As a personality trait enhanced by spatial practices and institutional power, urbanity is used as a means of exclusion. However, more and more voices are rising to claim other forms of urbanity that would not be linked to class and ethnicized cultural capital. This became particularly visible in the wake of the worldwide urban revolts of the late 1960s. Henri Lefebvre (1968) wrote then about the rights to the city—that is, the right to be in the city and to have decent living conditions, but also the right to define the codes and norms of social life in a manner closer to everyday practices than to technocratic power.
In fact, according to Lefebvre (1970), after the agricultural, mercantilist, and industrial ages, we are now going through an urban revolution. This does not only mean that more than half of the world population lives in cities that cover more and more land, but also and mostly that the way we conceive of the world has become urban. For Lefebvre, personalities, economic behavior, spiritual beliefs, modes of social interaction, all aspects of human life have become urban. Urbanity, in this second definition, is not confined to a personality trait of the white middle class but is a general characteristic of the world since the 1970s. Even for peasants in a country of the “global south,” Lefebvre would argue, urbanity is part of their life, their values, and their mental schemes.
In this sense, urbanity can be defined by a set of distinctive social characteristics, regardless of geographical location. Diversity of people, beliefs, and histories is the most important of these characteristics. Whether it is celebrated, commercialized, tolerated, or oppressed, diversity is a trait of urbanity that is very different from rurality (which is often associated with homogeneity). Other related characteristics of urbanity are speed, flows of people, information, and goods, and mobility, as well as concentration and density. Combined, these traits are sometimes seen as having pervasive effects, such as deviant behavior or alienation. Yet, the tenuous social bonds and anonymity often associated with urbanity in contrast to rurality are caused not so much by life in cities as by what Lefebvre calls technocratic control. Obsession with rational planning, rather than privileging the spontaneity and diversity of everyday life, has individualization and alienation effects.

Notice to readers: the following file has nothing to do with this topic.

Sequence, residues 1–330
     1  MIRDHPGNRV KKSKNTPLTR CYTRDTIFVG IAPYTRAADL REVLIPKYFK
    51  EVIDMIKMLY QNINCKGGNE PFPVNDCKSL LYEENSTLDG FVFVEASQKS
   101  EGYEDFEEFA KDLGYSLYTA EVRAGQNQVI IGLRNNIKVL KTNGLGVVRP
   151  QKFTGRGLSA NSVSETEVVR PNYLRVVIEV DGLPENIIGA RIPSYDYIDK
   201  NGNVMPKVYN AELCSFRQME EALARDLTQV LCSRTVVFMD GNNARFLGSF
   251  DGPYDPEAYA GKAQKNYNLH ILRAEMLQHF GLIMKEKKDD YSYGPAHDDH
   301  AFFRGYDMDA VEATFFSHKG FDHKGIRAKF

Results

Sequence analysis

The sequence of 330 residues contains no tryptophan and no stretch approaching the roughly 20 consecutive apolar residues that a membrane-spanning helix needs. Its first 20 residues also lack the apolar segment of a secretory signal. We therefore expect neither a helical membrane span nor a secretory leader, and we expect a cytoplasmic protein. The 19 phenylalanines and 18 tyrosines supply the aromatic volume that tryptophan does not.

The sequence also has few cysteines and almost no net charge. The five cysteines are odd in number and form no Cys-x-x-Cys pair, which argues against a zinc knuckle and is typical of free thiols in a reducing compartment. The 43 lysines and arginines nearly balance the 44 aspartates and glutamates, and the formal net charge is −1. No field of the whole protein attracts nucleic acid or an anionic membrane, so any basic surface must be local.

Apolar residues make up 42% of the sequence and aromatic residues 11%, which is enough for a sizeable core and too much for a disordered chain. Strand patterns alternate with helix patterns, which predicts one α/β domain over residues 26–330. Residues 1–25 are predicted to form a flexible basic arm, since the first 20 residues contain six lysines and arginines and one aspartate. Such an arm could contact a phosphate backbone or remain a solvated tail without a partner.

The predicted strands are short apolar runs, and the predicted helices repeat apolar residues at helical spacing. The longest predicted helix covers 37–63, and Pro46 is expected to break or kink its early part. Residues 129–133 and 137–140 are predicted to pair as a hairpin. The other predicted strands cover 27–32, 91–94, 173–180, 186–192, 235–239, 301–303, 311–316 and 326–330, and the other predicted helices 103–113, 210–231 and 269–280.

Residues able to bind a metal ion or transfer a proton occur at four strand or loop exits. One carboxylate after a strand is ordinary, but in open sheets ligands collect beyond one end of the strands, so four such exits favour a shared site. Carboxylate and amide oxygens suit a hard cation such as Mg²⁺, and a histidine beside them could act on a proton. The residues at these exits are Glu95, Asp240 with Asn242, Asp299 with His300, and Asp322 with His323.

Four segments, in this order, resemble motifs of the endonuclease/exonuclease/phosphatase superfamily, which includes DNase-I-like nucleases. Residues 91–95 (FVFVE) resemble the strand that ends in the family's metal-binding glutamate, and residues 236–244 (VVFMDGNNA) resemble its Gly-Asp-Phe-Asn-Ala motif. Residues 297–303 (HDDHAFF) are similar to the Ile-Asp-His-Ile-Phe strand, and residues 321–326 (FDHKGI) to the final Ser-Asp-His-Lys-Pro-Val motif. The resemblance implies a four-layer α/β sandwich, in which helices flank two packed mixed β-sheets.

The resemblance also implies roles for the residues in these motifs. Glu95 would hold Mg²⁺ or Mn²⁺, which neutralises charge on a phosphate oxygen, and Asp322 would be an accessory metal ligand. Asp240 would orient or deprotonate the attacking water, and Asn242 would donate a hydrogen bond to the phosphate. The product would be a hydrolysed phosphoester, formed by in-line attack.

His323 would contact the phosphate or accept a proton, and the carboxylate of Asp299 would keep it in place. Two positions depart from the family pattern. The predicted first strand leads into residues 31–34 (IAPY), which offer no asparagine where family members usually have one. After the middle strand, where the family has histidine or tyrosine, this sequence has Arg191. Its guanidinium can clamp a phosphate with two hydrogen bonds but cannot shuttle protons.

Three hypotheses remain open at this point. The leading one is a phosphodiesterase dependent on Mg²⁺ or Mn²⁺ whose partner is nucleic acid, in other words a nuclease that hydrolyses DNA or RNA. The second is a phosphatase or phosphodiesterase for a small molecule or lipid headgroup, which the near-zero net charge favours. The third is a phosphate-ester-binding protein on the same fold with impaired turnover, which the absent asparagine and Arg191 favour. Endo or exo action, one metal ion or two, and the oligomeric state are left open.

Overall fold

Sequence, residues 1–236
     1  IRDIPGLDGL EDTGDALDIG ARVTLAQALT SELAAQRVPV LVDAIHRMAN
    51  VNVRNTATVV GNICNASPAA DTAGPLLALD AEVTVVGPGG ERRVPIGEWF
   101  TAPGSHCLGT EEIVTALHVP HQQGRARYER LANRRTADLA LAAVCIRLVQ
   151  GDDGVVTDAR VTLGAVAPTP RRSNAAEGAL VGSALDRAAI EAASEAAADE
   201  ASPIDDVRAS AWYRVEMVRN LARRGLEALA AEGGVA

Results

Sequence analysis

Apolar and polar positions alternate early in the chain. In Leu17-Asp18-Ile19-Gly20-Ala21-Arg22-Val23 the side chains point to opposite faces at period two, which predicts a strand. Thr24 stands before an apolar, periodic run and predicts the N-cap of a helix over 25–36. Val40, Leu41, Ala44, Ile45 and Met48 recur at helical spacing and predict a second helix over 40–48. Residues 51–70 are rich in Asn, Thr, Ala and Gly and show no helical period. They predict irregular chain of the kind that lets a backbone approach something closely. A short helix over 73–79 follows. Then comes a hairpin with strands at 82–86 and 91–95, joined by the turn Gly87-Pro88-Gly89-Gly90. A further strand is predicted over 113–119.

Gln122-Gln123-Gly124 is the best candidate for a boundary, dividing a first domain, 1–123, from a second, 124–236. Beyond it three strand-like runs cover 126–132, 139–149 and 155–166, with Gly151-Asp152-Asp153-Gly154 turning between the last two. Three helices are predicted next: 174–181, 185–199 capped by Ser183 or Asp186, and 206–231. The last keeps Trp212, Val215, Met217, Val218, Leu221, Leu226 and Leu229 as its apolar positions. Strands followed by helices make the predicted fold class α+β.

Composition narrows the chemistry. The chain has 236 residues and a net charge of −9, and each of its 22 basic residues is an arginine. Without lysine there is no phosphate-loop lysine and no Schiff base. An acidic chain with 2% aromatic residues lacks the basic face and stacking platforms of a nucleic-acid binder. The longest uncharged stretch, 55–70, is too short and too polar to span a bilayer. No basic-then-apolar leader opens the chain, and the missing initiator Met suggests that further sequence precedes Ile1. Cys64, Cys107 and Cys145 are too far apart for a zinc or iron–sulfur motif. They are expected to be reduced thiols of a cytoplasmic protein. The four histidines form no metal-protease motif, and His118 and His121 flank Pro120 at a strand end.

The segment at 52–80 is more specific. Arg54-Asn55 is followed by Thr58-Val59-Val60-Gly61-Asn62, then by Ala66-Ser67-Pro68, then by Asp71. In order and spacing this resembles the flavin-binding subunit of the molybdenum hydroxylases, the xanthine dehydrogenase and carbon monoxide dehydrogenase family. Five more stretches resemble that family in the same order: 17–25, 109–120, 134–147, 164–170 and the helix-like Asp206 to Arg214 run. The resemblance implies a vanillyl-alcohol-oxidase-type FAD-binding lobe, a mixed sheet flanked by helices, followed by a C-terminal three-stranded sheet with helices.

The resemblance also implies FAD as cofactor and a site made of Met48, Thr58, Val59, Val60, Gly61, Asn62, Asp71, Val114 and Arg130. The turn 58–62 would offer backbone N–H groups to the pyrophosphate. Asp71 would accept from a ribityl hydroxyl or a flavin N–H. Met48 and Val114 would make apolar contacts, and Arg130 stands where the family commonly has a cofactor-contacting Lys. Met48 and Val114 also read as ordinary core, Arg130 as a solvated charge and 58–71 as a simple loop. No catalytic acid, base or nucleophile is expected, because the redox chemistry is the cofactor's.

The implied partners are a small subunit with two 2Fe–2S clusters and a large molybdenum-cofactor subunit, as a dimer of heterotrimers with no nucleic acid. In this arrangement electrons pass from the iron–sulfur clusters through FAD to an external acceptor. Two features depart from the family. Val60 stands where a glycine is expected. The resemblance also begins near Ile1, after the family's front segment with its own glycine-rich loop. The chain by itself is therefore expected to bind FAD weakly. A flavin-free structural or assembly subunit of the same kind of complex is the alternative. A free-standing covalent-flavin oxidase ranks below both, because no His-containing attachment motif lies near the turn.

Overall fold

SEE ALSO Culture, Low and High
Bourdieu, Pierre.  1984. Distinction: A Social Critique of the Judgement of Taste. Trans. Richard Nice. Cambridge, MA: Harvard University Press.
Lefebvre, Henri.  1996. Writings on Cities, trans. and eds. Eleonore Kofman and Elizabeth Lebas. Oxford: Blackwell.
Lefebvre, Henri.  2003. The Urban Revolution. Trans. Robert Bononno. Minneapolis: University of Minnesota Press.
Sennett, Richard. 1974. The Fall of Public Man. New York: Norton.
Smith, Neil. 1996. New Urban Frontier: Gentrification and the Revanchist City. New York: Routledge.
Zukin, Sharon. 1995. The Cultures of Cities. Cambridge, U.K.: Blackwell.